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Costa Rica

How to guarantee water access to reduce inequality in Central America

Seynabou Sakho's picture

Four years ago, Juan Angel Sandoval, a resident of Barrio Buenos Aires in the Honduran municipality of Siguatepeque, received water at home only three times a week. His was not an isolated reality. Most of his neighbors, were in the same situation. "It was annoying because the water was not enough," says Juan Angel.

How can electricity subsidies help combat poverty in Central America?

Liliana Sousa's picture
School children in Kingston, Jamaica. Strong public financial management affects all facets of government spending, including education. Photo credit: UN Photo/Milton Grant 

Finance ministers, auditors-general, and leaders of professional accounting organizations are meeting Tuesday in Nassau to discuss a topic that is often hidden from view, but is critical to quality of life in the Caribbean: Capacity and standards in public financial management.

How governments manage taxes, borrowing and spending is essential to economic growth, to poverty-reduction, and to ensuring that the region’s poorest can improve their lives. It is a core function of accountability in government. Improvements in this area could increase the health of small and medium-sized enterprises, create jobs, and bring in additional government revenues to spend on essential public services. Residents of Caribbean nations: this strategic dialogue will be about how the government manages your money.

Latin America: Is better technical and technological higher education the answer?

Diego Angel-Urdinola's picture


Photo: Phubadee Na Songkhla / Shutterstock

In the early 1950s, carving out a road in the newly-created Tsavo National Park in Kenya involved “hacking through scrubland,” according to Dame Daphne Sheldrick in her memoir, Love, Life, and Elephants. Founder of the David Sheldrick Wildlife Trust, an organization that rescues orphaned elephants and rhinos, she describes the park landscape as “inhospitable country, covered in an entanglement of dense scrub vegetation infested with tsetse fly...” but “known for its diversity of indigenous species, including fearsome lions, breeding herds of elephants, and thousands of black rhinos.”
 
Today, the two-lane Mombasa-Nairobi highway (A109) dissects the park to form Tsavo East and Tsavo West. This causes problems for wildlife. Richard Leakey, Chairman of Kenya’s Wildlife Service, says that 18 elephants have been killed from collisions with trucks, and other wildlife become roadkill on a regular basis.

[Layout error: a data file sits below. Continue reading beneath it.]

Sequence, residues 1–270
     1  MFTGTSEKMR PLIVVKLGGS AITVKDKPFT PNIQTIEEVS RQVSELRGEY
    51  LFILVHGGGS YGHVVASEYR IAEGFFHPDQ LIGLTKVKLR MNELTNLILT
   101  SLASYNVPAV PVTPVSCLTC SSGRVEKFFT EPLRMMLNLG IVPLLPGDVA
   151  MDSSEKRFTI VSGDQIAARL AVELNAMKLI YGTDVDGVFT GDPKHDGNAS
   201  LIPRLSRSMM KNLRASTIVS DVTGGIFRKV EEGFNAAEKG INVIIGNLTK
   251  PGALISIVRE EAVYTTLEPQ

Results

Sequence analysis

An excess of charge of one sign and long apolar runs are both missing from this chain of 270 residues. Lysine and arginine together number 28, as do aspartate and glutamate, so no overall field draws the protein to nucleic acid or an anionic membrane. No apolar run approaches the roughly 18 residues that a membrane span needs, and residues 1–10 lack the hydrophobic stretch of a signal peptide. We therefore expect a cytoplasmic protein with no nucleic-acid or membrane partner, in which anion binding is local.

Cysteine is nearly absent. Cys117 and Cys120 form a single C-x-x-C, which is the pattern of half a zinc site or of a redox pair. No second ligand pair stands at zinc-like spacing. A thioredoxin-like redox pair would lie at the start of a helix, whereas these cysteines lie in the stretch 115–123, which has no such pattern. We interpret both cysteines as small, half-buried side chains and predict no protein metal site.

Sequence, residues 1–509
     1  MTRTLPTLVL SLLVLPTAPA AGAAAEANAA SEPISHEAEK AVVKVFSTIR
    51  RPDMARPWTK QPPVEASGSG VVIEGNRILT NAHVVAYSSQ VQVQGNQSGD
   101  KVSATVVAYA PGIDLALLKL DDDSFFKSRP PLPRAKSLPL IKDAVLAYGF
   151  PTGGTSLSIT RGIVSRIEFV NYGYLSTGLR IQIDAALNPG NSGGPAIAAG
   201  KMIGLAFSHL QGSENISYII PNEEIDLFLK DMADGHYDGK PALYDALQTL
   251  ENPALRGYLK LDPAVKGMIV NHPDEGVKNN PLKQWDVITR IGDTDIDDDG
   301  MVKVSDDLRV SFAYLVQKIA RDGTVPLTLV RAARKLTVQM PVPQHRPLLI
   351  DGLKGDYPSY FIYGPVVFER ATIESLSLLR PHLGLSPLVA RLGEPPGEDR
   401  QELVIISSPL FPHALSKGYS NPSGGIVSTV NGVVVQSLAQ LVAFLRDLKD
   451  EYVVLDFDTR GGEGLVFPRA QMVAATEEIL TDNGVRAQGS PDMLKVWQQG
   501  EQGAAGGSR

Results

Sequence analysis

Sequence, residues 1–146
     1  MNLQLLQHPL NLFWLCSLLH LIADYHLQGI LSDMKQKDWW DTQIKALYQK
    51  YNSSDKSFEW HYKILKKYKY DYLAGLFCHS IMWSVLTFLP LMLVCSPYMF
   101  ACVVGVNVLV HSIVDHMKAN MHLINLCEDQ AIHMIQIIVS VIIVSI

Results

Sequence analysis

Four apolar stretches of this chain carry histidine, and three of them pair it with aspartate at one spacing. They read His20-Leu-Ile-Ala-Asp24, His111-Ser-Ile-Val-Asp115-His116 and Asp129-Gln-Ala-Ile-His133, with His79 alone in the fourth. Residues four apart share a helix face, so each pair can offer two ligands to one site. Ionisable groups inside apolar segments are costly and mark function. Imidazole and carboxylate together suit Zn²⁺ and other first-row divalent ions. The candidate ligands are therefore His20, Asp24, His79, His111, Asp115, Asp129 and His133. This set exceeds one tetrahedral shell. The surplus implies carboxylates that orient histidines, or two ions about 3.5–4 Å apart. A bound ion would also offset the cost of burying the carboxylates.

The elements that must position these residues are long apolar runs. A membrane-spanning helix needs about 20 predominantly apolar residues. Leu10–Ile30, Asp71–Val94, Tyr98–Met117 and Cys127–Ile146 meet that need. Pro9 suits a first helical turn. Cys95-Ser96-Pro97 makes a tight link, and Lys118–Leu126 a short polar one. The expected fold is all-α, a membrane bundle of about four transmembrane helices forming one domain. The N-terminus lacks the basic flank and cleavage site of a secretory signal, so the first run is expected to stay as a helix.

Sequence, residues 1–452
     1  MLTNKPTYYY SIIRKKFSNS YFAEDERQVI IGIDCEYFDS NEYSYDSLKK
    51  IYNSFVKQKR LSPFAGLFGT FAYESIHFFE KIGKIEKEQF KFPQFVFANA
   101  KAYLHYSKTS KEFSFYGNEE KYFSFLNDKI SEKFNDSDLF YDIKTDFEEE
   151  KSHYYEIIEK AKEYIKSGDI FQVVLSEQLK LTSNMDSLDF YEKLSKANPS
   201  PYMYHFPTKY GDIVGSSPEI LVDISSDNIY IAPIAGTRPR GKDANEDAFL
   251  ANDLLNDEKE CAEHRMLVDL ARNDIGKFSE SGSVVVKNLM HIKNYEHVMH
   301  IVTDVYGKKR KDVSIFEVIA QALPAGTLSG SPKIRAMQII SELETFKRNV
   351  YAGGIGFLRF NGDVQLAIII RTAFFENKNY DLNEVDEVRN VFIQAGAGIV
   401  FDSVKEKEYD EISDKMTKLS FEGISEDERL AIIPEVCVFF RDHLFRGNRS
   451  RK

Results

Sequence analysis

Central America, optimizing the cost of energy through renewables

Mariano González Serrano's picture


Some months ago, during a visit to one of the Central American countries, while we were on a call with the head of the electricity dispatch center, we noticed by the tone of his voice, that he was becoming nervous. Shortly after, background voices could be heard on the line. They were experiencing a crisis and he quickly asked to continue our conversation at another time.

What can satellite imagery tell us about secondary cities? (Part 2/2)

Sarah Elizabeth Antos's picture
This page in: French



In 2013, I was confronted by the realization of my country’s situation at a parliamentarian workshop organized by UNICEF where I learned about the different forms of malnutrition that we face. There, I discovered that my country, Cameroon, has an overall stunting prevalence of 32% for children under age five. In other words, one in three children under the age of five is affected. I now know of the devastating effects of malnutrition on the health of families, children and adolescents and consequently on the development of our country. As a parliamentarian, I’ve worked to serve my constituency and set up a community health insurance which helps improve the coverage of vulnerable children and young people. These challenges are our daily reality, but I was surprised to see them highlighted by the President of the World Bank in Washington, DC when I traveled there for the World Bank’s Spring Meetings.  

What can satellite imagery tell us about secondary cities? (Part 1/2)

Sarah Elizabeth Antos's picture
Photo Credit: Whity via Flickr